Public Lecture by Robert D. Rupert (Colorado): The College at Brockport

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Public Lecture by Robert D. Rupert (Colorado)

Robert D. Rupert (Colorado) will give a public lecture titled "The Self in the Age of Cognitive Science."

The Center for Philosophic Exchange is pleased to present a public lecture with Robert D. Rupert (University of Colorado at Boulder). Prof. Rupert's lecture is titled "The Self in the Age of Cognitive Science." It will take place in McCue Auditorium (LAB) on Thursday, March 22, at 5 pm.

Abstract: When philosophers characterize mental phenomena, they often distinguish between the personal level — a distinctive realm of conscious thought and careful deliberation — and a “lower,” subpersonal level that appears in the realm of mindless mechanism and natural law. Philosophers of cognitive science tend to treat the personal level as the domain of the self, the facts about which are known by reflection alone. Cognitive science is then assigned a limited role, as pursuing an account of only the mechanistic implementation of self-constituting, personal-level states and processes. This layered view makes little sense, however, of actual work in cognitive science. The explanatory targets of cognitive science are not independently given personal-level states or capacities, or facts about the self known by reflection alone; rather, cognitive scientists model publicly observable behavioral and physiological data, unconstrained by arm-chair pronouncements about the self. In support of this claim, I work through two representative examples, one concerning the cognitive neuroscience of human volition and the other concerning the interaction between explicitly held and implicitly held attitudes. I conclude that, if we take contemporary cognitive science seriously, we must find a place for the self in the mess of computational and neural processing that populates cognitive-scientific models. I’ll sketch the elements of such a self, elements that, as a whole, are not nearly as unified as most philosophers of mind have been inclined to think.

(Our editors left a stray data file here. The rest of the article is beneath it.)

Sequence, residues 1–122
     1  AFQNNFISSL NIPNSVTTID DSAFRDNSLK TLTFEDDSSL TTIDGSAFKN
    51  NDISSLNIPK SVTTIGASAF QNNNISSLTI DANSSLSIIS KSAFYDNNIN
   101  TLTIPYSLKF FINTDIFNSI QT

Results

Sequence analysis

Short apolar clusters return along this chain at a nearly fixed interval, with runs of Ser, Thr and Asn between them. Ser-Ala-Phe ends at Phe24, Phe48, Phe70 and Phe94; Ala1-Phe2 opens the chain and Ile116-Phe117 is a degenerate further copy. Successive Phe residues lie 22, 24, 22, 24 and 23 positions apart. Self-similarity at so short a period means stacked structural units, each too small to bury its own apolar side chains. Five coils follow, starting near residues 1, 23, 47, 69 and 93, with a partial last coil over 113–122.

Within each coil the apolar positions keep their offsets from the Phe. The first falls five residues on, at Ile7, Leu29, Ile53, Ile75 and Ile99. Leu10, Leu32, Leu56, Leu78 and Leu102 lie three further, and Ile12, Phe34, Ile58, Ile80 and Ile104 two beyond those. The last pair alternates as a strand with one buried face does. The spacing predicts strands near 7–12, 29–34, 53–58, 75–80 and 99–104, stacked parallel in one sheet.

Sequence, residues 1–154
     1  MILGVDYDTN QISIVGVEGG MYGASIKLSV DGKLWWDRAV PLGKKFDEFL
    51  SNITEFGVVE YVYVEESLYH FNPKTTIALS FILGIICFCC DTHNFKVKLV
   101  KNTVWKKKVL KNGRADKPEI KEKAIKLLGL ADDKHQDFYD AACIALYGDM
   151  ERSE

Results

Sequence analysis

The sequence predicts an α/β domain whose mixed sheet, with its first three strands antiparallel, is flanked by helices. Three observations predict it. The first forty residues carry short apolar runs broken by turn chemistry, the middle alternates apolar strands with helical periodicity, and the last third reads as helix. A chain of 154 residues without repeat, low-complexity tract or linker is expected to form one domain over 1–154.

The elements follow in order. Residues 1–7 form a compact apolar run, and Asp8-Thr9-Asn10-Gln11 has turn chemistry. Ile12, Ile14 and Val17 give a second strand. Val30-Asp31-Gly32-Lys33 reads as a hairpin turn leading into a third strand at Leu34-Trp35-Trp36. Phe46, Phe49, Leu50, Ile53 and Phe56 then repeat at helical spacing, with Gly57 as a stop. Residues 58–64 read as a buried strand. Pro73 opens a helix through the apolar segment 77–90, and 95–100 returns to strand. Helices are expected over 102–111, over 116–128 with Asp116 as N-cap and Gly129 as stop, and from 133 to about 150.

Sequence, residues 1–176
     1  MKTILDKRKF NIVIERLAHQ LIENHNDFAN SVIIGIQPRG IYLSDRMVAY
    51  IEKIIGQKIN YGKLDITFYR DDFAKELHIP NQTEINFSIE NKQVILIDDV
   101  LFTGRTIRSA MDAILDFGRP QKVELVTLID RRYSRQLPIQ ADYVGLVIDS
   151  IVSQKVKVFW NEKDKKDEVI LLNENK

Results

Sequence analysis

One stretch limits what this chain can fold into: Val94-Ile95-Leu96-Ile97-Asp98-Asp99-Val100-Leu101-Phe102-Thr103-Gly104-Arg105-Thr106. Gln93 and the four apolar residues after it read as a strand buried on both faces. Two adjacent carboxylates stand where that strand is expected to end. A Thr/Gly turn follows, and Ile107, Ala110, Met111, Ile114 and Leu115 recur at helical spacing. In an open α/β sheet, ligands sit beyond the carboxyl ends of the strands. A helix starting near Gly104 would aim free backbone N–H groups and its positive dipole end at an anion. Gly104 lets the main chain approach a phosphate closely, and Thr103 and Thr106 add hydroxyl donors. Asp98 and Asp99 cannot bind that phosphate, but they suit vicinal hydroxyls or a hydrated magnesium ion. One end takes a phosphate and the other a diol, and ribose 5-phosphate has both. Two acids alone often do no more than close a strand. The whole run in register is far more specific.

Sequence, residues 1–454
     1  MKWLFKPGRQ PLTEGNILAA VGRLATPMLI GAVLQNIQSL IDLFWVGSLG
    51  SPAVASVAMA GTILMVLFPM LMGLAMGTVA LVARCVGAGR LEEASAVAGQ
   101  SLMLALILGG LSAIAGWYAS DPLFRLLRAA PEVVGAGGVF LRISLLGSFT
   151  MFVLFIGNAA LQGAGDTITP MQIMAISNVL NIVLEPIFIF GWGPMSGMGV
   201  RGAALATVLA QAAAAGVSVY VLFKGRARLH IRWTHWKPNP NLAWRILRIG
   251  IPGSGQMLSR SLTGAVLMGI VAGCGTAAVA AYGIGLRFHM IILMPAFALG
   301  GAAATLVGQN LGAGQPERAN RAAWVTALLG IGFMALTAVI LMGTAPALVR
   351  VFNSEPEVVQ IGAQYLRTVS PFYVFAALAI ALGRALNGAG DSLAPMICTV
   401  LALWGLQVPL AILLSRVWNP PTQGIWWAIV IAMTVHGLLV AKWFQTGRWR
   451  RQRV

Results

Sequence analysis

Joseph Long,

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